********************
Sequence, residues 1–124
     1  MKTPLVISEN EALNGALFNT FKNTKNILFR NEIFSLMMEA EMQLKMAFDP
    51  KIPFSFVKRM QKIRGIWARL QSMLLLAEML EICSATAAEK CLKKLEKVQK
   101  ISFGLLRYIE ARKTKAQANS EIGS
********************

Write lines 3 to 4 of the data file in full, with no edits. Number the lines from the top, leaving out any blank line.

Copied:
    51  KIPFSFVKRM QKIRGIWARL QSMLLLAEML EICSATAAEK CLKKLEKVQK
   101  ISFGLLRYIE ARKTKAQANS EIGS